When I was going through my time with insomnia, sleep was something I feared as the sun went down. Man, the thought of going one more night without sleep haunted me daily at that time.
How important is sleep? I think it is fairly well documented that sleep is the most valuable tool for healing we have, so when we don’t get it, we don’t heal. Sleep deprivation has been linked to increased BMI, decreased performance both cognitively and physically, increased heart disease, hormonal imbalances, immune system dysfunctions, depression, anxiety and vitamin D deficiency.
I would say with confidence that sleep matters!
What Happens with Sleep?
When you sleep, your body goes through many processes to heal, recover and support all of your systems either directly or indirectly. The immune system relaxes and rebuilds, muscles and bones rebuild, detoxification occurs throughout the body from brain to circulation. Sleep plays a role in regulating mood, libido and appetite.
Sleep is also connected to better creativity, memory, and blood sugar regulation. That means if you are “sleeping” but not really, then you wake up and feel like a fifth grader can outsmart you!
So, if we look back at when I felt like crap (or maybe I am talking about you right now), how could I possibly heal if I wasn’t sleeping? How could I improve my sex drive and energy if I couldn’t sleep allowing these systems to recover? It’s simple, I couldn’t.After all, I wasn't deficient in Ambien!Click To Tweet
Sleep aids, both pharmaceutical and natural, worked but temporarily. After all, I wasn’t deficient in Ambien. No, my issues were deeper than what a Band-Aid could fix. Hormone imbalances and blood sugar imbalances were getting in the way. You see, these were what was actually causing my sleep issues.
The recommended optimal night’s sleep is seven hours. Yeah it varies from person to person but less than seven shows cognitive decline. Therefore, you need to be making sleep your night job.
Here’s how you do it:
- Shut off all electronics at least 45 minutes prior to bed time to help your body increase melatonin production.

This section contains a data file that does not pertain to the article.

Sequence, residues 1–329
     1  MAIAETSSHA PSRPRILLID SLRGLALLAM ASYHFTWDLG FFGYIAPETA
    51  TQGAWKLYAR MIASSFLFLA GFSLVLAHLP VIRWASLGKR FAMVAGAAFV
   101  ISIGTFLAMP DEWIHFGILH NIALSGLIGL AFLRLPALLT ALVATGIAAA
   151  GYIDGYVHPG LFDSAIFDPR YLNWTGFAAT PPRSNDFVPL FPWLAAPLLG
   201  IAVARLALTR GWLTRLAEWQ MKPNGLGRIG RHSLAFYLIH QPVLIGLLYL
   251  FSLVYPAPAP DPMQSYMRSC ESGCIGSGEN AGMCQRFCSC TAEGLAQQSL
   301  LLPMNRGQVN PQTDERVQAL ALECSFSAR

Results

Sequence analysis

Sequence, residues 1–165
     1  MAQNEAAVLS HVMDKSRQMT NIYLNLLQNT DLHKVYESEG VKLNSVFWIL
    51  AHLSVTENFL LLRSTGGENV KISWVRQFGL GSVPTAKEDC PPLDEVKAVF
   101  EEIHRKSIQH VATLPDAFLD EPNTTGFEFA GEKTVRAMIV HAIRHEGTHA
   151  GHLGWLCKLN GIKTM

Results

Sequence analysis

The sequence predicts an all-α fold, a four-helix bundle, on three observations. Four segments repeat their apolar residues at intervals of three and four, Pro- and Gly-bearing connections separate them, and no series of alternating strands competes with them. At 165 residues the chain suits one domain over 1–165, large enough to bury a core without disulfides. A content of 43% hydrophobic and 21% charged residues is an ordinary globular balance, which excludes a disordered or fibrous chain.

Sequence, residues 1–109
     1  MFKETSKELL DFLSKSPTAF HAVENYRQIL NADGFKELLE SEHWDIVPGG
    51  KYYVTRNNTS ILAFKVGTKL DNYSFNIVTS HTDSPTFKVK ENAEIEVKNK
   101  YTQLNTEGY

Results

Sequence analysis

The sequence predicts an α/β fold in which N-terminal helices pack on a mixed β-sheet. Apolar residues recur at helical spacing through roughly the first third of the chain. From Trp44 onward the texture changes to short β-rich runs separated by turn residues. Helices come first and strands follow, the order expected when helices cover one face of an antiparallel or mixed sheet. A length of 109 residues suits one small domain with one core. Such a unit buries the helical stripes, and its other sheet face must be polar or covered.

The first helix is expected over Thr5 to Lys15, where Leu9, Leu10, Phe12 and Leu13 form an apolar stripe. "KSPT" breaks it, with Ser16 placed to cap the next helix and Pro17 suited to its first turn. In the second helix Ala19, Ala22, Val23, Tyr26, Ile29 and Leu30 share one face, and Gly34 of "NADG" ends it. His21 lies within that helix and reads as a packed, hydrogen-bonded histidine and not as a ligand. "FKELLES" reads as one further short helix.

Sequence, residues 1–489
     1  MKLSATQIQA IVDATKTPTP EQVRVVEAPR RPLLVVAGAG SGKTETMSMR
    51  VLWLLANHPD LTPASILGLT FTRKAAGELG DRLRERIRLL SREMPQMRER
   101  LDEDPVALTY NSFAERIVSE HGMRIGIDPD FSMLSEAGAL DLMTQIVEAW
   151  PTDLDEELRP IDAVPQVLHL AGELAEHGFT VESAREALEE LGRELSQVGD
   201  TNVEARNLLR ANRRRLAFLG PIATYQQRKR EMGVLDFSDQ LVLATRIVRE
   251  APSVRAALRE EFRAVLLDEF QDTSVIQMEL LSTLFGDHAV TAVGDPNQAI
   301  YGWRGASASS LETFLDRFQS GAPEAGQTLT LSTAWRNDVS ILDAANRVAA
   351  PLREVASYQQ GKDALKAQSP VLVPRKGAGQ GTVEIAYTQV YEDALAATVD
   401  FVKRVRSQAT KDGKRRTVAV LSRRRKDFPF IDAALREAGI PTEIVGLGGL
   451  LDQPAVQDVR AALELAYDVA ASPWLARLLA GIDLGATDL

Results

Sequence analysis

- Make sure your last meal was 2-3 hours prior to bedtime. This allows the digestive system time to do its job, so you are prepared for the next job, sleeping.
- Write in a grateful log. Studies have shown that doing this decreases cortisol levels naturally allowing you a better night’s sleep.
- Avoid caffeine after 2:00pm
- Avoid sugar closer to bedtime as this can increase blood sugar causing a drop later, causing a roller coaster effect waking you up around 2:00am
- Be consistent. Go to sleep and wake up the same time every day.
- Take an Epsom salt bath. Not only is this relaxing, but the increased magnesium helps to relax the nervous system.
- Sleep in a bat cave. Any light can reduce melatonin production making it harder to fall asleep.
- Turn your phone into airplane mode. Any electrical frequencies or fields can cause disruption in your brain patterns. Doing this will also prevent unwanted text messages or Facebook messages to wake you.
Use all or some of these tips to get a better night’s sleep. If you still can’t find peace in bed, then stop wasting time and get some help. Sleep heals all, but if you can’t sleep then you keep feeling like crap and that’s no way to live.
Copyright: ocusfocus / 123RF Stock Photo
Rich Jacobs is a Board Certified Integrative and Functional Nutrition Practitioner who specializes in resolving gut, insomnia, low libido, fatigue and fat issues. He uses a holistic approach and functional lab work to identify root causes such as hormone imbalances or gut pathogens that could be impacting your health.